Diabetes: A National Plan for Action. Detection


Agencies within the U.S. Department of Health and Human Services (HHS) have developed a number of initiatives to promote detection of diabetes in the U.S. Agencies are also conducting research into the most effective strategies for screening pre-diabetes as well as type 2 diabetes.

  • Diabetes Detection Initiative—This HHS initiative is a community-based effort to identify persons with undiagnosed type 2 diabetes and refer them for follow-up blood testing and treatment, if appropriate. It uses community involvement strategies within health systems in communities throughout HHS regions. It is being pilot tested in 10 locations through 2004. Early diagnosis and proper treatment of diabetes can prevent or delay serious diabetes-related health problems. More information is available at http://www.ndep.nih.gov/ddi.
  • SEARCH for Diabetes in Youth—Rising rates of diabetes among youths are a growing public health concern. The Centers for Disease Control and Prevention and the National Institutes of Health are funding this 5-year, multicenter study to examine the status of diabetes among U.S. children and adolescents. More information is available at http://www.searchfordiabetes.org/index.cfm.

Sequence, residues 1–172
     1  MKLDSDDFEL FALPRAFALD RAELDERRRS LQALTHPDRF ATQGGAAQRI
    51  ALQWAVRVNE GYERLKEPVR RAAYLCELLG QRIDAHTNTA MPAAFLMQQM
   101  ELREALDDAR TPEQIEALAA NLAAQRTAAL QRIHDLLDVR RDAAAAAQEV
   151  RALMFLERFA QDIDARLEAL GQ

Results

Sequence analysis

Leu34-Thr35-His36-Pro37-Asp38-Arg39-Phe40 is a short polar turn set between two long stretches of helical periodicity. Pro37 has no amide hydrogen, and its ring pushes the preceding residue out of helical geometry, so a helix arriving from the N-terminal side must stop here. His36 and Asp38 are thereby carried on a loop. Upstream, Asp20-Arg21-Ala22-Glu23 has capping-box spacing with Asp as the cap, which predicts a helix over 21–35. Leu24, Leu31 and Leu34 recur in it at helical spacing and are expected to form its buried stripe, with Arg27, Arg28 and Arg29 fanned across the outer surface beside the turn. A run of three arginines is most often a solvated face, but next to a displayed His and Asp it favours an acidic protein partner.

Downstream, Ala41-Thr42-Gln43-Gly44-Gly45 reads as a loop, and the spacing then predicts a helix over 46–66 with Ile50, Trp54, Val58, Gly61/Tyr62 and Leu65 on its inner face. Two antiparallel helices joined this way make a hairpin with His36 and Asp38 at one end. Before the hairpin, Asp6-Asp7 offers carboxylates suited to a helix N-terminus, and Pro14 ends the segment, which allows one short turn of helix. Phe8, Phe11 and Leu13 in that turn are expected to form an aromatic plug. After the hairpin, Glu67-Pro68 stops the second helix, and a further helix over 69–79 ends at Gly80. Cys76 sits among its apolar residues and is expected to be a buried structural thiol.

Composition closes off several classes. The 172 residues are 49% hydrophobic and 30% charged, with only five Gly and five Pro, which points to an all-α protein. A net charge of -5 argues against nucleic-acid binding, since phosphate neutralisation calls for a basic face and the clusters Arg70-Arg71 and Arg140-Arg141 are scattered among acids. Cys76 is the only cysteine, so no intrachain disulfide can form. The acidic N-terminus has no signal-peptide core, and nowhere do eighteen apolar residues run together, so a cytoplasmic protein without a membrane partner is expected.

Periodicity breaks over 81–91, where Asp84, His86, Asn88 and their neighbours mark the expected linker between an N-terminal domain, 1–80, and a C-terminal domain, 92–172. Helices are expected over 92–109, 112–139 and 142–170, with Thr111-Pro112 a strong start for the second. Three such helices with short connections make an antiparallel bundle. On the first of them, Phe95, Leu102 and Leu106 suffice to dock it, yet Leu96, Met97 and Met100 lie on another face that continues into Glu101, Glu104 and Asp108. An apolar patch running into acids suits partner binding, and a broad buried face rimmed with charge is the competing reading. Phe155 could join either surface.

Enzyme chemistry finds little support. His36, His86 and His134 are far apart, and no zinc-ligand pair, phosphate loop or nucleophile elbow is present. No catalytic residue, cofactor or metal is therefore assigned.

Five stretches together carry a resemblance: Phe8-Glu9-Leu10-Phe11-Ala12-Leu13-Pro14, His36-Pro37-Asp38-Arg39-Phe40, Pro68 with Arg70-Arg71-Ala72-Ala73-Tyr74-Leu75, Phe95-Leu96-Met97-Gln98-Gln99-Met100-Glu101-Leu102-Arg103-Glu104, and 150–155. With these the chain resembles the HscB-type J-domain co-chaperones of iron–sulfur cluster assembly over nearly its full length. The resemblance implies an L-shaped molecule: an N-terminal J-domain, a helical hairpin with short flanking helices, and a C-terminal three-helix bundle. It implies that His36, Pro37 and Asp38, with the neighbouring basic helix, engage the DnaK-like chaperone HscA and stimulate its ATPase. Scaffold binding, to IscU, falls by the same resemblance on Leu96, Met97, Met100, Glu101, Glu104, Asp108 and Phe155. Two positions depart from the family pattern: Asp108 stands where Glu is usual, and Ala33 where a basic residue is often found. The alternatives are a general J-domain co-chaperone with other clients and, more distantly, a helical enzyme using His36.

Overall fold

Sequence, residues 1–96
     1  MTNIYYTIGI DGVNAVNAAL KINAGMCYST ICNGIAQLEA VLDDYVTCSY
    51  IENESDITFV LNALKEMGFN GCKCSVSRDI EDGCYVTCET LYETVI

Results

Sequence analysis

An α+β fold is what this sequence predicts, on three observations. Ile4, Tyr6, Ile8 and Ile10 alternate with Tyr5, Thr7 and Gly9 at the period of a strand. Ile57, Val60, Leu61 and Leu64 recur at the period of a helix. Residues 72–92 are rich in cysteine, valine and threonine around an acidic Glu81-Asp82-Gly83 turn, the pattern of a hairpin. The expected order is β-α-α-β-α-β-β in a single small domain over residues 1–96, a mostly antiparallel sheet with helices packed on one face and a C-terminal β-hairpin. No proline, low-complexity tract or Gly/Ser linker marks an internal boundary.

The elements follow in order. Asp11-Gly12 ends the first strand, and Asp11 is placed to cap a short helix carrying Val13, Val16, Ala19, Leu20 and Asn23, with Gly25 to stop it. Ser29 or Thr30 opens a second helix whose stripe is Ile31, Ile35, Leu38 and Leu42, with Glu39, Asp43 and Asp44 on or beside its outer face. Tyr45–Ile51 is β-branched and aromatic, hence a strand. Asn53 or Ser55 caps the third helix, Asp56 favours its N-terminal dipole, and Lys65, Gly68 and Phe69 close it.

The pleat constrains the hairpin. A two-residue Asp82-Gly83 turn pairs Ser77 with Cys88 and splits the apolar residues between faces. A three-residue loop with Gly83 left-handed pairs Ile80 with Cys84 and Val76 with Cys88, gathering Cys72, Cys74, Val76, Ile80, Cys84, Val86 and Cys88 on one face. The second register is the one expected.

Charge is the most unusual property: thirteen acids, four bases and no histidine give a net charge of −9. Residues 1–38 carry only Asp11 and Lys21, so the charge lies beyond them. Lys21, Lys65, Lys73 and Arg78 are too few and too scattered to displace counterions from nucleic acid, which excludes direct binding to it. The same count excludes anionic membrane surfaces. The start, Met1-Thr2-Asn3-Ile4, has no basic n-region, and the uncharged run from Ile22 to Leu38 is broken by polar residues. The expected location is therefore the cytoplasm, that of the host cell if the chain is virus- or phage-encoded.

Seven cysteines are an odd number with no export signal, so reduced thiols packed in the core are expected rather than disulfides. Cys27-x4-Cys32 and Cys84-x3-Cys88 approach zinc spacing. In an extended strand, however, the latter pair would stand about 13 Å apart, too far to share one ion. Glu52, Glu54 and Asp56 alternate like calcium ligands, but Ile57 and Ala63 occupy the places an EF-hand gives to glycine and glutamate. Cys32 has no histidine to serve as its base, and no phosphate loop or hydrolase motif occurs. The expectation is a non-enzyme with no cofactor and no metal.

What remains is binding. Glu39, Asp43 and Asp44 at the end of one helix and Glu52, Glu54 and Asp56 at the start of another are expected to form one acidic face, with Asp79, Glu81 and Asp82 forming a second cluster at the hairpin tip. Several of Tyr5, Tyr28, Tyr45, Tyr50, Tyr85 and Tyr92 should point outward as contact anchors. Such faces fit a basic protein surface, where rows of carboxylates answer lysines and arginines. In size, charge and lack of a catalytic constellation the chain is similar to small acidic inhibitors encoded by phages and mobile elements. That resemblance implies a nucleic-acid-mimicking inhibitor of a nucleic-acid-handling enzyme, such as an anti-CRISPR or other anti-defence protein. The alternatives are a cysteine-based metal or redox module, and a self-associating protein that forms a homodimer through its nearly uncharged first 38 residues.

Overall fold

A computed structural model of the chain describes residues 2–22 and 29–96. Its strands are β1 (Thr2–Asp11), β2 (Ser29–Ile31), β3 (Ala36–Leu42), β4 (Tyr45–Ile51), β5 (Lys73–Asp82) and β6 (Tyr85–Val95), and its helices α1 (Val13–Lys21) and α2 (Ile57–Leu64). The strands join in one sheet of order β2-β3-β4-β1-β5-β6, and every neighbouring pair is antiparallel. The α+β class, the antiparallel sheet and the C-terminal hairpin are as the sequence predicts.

• The U.S. Preventive Services Task Force (USPSTF)—This Task Force was convened by the U.S. Public Health Service to conduct comprehensive reviews of clinical research to assess the merits of preventive measures, including screening tests, counseling, immunizations, and chemoprevention. The Task Force comprises an independent panel of primary care and prevention experts from the private sector. To date, USPSTF has conducted reviews of evidence related to screening for type 2 diabetes and gestational diabetes, obesity in adults, and counseling for physical activity and healthy diet. http://www.ahrq.gov/clinic/uspstfix.htm
  • Healthy Aging Initiative—A joint project by the Administration on Aging and the Centers for Disease Control and Prevention in which grants are awarded to states to implement evidence-based disease prevention programs at the community level. There are fourteen collaborative projects with State Units on Aging and State Health Departments, including one project focused on diabetes screening, 7 projects focused on physical activity, and three projects focusing on assisting older Americans with disease self-management.

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